Big Island of Hawaii (Kailua-Kona)
Come join our Global Village trip for a distinctive experience in Hawaii while it’s early winter in many other locations. Help build sustainable housing and learn some new skills. No previous know-how is needed, just willing hands and a willing heart. Make new friends, enjoy the rich Hawaiian history, culture and beaches of the Big Island of Hawaii, tour an active volcano and know that you will forever change the lives of at least one family and possibly more.
About the Big Island
The Big Island of Hawaii is the youngest island in the Hawaiian chain and is also by far the biggest (4028 Sq. mi.), providing a vast canvas of environments to discover a variety of unrivaled natural wonders. This is the home of one of the world’s most active volcanoes (Kilauea), the tallest sea mountain in the world at more than 33,000 feet (MaunaKkea), the most massive mountain in the world (Mauna Loa) and the largest park in the state (Hawaii Volcanoes National Park). All but two of the world’s climate zones generate everything from lush rain forests to volcanic deserts, snow-capped mountaintops to beautiful black sand beaches.
The main economies on the island are agriculture and tourism, with tourism centered around the Kohala resorts and the town of Kailua-Kona, both on the west side of the island. An ethnically diverse population consisting of native Hawaiians, Japanese, Micronesians, Filipinos, Portuguese, and Caucasians provide a rich cultural environment.
The median income across the area is $55,300, and more than 16 percent of families live at levels below the poverty line. Amongst single-parent families, more than 32 percent live below the poverty line. The median age is 40-45 years. Elderly individuals with a disability make up 39 percent of the population.
Homelessness remains a reality for a considerable number of individuals and families in the County of Hawaii, and has been increasing at a rate of 6 percent per year. In some areas, financial hardship is compounded by the need to commute long distances from home to access employment.
The median house price in West Hawai‘i is $275,000, which is not affordable to most of the local workforce. Moreover, even if a family could afford a market-priced home, escalating energy costs make it financially unsustainable in the longer term.
In the most rural areas, (Ocean View), almost 20 percent of the dwellings listed by the Community Development Corporation in a recent survey consist of tents, yurts, lava tubes and cargo containers.
About Habitat for Humanity West Hawaii
The mission of Habitat West Hawaii is to empower families and build community and hope through home ownership. Granted affiliation with Habitat for Humanity International in 2002, our small affiliate just completed our 19th house as of early fall 2012. Five of those homes were completed in a very successful “Blitz Build” in September whereby we built five homes in 10 days, using more than 1,200 volunteers. We have an ongoing relationship with the Department of Hawaiian Homelands, through which we receive a variety of leasehold property, operating grants and construction loans. We are starting in earnest on a neighborhood revitalization initiative. By 2014, we hope to have in place an outreach program for veterans via The Veterans Administration.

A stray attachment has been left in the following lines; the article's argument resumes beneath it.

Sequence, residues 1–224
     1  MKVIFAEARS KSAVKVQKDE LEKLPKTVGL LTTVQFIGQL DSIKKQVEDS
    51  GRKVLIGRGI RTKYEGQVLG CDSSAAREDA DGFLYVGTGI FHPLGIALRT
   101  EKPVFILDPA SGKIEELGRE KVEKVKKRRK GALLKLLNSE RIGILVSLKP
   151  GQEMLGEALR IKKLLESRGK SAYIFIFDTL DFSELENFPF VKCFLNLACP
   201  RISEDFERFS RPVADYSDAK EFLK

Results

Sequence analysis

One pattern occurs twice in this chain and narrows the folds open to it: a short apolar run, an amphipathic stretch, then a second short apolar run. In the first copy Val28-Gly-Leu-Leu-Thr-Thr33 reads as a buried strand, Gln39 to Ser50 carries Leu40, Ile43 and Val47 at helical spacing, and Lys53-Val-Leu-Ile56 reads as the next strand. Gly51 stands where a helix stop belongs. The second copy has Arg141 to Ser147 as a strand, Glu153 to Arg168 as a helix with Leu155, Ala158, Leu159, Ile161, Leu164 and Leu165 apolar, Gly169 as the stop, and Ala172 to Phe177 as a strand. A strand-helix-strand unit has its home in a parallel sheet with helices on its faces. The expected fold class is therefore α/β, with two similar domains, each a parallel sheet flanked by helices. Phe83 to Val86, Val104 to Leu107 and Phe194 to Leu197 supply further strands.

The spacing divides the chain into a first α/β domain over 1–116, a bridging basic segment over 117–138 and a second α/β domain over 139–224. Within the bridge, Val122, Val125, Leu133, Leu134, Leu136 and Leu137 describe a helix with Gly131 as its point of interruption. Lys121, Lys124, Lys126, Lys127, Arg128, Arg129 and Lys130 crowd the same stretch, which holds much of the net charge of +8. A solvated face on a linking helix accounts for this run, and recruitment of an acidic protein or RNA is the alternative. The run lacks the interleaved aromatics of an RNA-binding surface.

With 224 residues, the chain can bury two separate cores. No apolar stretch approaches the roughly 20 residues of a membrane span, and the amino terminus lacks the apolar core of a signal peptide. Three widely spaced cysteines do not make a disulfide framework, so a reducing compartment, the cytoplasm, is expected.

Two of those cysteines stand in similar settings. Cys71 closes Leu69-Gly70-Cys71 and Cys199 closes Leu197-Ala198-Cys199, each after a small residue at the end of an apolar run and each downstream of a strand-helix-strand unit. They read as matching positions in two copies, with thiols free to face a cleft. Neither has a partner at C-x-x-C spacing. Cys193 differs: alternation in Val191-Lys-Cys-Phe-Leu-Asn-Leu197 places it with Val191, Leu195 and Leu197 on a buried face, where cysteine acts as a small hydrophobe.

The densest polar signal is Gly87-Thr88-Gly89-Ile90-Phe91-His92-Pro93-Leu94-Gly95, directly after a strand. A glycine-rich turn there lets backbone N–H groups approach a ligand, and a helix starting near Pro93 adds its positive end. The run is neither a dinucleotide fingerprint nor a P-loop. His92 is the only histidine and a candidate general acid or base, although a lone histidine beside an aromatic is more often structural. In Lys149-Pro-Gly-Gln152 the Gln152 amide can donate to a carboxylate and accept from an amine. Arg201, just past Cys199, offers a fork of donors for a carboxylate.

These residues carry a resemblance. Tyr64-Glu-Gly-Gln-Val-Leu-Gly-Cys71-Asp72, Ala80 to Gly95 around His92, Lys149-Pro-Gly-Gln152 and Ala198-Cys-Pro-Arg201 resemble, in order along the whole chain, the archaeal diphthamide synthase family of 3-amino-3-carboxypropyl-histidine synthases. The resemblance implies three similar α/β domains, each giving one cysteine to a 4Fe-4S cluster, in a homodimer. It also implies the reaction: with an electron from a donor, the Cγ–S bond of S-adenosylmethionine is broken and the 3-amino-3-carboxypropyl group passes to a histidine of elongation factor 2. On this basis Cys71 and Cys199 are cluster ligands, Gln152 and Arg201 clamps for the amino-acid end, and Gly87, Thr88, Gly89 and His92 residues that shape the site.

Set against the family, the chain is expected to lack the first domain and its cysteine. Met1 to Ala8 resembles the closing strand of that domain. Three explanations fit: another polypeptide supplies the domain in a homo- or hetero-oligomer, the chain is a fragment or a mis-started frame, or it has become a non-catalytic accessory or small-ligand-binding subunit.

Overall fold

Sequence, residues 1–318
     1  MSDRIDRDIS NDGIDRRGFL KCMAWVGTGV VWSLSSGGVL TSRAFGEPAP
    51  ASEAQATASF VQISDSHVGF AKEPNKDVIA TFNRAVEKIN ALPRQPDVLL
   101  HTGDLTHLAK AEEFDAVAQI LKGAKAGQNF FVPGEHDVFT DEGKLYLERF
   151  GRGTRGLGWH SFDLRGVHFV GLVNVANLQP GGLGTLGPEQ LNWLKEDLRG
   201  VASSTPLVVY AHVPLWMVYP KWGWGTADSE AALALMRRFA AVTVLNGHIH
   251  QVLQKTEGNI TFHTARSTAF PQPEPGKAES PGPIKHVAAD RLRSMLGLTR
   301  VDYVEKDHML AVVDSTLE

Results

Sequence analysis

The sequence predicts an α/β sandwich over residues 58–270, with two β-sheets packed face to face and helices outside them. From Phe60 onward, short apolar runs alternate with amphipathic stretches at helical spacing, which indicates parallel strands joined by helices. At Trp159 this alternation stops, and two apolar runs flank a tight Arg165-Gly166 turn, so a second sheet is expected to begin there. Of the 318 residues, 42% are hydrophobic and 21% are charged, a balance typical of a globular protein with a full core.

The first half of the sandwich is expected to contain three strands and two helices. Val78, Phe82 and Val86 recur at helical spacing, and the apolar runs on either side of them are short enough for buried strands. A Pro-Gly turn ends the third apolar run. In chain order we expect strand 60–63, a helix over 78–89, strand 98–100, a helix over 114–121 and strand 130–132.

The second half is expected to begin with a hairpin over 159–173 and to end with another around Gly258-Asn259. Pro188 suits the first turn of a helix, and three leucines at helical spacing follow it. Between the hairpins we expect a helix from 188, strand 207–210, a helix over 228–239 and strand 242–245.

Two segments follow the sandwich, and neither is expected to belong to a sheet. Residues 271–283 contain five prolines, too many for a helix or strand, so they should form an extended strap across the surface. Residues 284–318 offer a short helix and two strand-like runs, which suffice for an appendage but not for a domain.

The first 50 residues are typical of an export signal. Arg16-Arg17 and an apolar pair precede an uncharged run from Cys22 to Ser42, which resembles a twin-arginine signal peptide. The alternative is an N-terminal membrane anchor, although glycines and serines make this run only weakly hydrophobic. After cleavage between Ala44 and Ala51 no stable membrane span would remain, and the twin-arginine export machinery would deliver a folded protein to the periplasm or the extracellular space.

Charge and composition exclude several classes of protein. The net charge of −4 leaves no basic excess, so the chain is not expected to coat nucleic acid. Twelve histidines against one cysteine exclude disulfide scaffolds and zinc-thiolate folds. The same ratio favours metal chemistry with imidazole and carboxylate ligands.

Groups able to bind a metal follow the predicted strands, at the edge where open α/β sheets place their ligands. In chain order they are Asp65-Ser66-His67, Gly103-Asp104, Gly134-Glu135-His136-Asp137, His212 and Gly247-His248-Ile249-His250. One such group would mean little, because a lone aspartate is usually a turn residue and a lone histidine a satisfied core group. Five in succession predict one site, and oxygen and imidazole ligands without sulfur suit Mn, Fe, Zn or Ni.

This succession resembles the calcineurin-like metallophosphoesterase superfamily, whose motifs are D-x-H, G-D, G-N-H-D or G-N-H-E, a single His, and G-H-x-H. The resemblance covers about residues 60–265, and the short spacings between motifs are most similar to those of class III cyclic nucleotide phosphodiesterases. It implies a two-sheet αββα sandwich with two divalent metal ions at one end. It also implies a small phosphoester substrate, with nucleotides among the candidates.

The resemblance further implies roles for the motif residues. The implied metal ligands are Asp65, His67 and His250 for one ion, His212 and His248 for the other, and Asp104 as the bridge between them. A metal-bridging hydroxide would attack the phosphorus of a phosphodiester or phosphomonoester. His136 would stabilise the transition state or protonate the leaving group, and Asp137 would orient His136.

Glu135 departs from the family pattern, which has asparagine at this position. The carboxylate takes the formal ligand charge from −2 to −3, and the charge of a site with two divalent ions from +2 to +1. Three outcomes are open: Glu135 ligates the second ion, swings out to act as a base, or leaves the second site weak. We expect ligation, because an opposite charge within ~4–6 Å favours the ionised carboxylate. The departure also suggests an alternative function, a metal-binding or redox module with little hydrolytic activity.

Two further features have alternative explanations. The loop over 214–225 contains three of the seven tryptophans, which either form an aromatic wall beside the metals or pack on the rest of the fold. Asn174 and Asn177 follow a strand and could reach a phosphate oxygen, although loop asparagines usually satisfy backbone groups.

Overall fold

To learn more about Habitat for Humanity West Hawaii, please visit: www.habitatwesthawaii.org
Saturday, January 4: Arrive at Keahole Airport; greeted by team leader; travel to lodging, have team introduction, meeting, and dinner with team.
Sunday, January 5: Free day for local team recreational and/or cultural activities.
Monday, January 6: Orientation by HFH West Hawaii; work day.
Tuesday, January 7: Work day.
Wednesday, January 8: Work day.
Thursday, January 9: Work day.
Friday, January 10: Work day; farewell lunch or dinner.
Saturday, January 11: Work half day and/or additional time for local team recreational/cultural activities.
Sunday, January 12: Departure from Keahole Airport.
* Standard itinerary is subject to change, depending on weather, urgency of different aspects of the build situation and needs at the time.
(For more details about what is included in this cost, visit Global Village program cost.)
Increase your impact: Take the GV Challenge
Habitat for Humanity is accelerating its work to end poverty housing, and we need Global Village teams to help. Set a goal and fundraise to make your impact last longer than the days you’re in the field. Your support builds more homes, creates resource centers, educates families, and advances our projects to build sustainable communities. We’ll even provide tools to make fundraising easy. Take the GV Challenge – join us in sharing our story and building a better world.
Charlie Cocores was a high school AP psychology teacher and also ran a psychology based outdoor education program. He is now the Educator in Residence and the Certification Officer in the Education Department at Connecticut College. He also teaches psychology at other area colleges as well. He has participated in Habitat builds in Honduras and Guatemala and has led or co-led Habitat trips to Portugal; Kauai, Hawaii; Molokai, Guatemala; John's Island, S.C.; and Taos, N.M. We’ll have a great experience! Charlie can be reached by email at firstname.lastname@example.org.